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  • Regular use of aspirin or acetaminophen and risk of brain tumors

    Final Number:

    Evan Winograd MD; Robert A. Fenstermaker MD; Hakeem Jon Shakir MD

    Study Design:

    Subject Category:

    Meeting: Congress of Neurological Surgeons 2014 Annual Meeting

    Introduction: Regular use of aspirin and other non-steroidal anti-inflammatory drugs (NSAIDs) has been hypothesized to be associated with reduced risk of cancer, although few studies have examined associations with brain tumor risk.

    Methods: The current study investigated the effects of regular aspirin or acetaminophen use on brain tumor risk among 176 individuals with primary, incident brain tumors and 704 age and sex matched hospital controls with non-neoplastic conditions who completed a comprehensive epidemiologic questionnaire.

    Results: Results indicate that regular aspirin use may be associated with decreased brain tumor risk among men [adjusted odds ratio (aOR) 0.63, 95% confidence interval (CI) 0.40–1.01], but not among women (aOR 1.13, 95% CI 0.65–1.95). Similarly, regular acetaminophen use may have been associated with decreased risk among men (aOR 0.58, 95% CI 0.26-1.29), with the most pronounced effect noted for men who had used acetaminophen regularly for more than 10 years (aOR 0.10, 95% CI 0.01-0.79).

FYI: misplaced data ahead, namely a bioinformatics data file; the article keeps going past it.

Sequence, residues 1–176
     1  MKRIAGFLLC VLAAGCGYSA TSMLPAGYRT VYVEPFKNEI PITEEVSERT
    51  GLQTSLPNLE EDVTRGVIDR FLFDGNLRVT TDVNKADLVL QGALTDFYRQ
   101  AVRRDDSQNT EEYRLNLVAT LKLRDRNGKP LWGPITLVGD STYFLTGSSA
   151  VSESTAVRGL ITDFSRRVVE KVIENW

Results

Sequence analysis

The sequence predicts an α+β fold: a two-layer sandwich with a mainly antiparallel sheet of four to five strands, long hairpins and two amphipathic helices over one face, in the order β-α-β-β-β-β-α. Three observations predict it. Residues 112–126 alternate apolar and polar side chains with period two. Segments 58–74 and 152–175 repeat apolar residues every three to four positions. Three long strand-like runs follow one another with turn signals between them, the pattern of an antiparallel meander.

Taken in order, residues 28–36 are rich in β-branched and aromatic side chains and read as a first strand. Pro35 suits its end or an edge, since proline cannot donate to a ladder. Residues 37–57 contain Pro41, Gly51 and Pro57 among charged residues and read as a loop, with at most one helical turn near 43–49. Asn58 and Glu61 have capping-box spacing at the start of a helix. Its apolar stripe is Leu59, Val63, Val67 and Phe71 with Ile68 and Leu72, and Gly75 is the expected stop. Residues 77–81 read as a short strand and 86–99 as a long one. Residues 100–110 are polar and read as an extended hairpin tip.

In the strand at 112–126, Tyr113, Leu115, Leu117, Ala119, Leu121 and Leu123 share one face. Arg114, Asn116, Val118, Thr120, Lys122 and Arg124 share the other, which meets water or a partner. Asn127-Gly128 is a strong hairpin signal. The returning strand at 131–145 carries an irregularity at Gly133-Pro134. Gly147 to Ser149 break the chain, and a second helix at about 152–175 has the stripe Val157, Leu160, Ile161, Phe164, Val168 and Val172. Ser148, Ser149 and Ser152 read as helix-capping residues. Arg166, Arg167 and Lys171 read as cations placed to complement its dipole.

Conclusions: Based on these results, Aspirin may have a chemoprotective or anti-gliomagenesis effect with regard to brain tumors, indicating the need for further investigation in both basic sciences and larger clinical studies.

    Patient Care: With the proposed inverse relationship between NSAIDs and glioblastoma in this patient population, this may be an additive to current therapeutic measures, or may in the future be used as a preventive measure in patients with strong family histories of glioblastoma or glioma in general.

    Learning Objectives: Based on this session, participants should be aware of the possibility that basic medications such as NSAIDs, specifically aspirin, have a potential anti-gliomagenesis effect.

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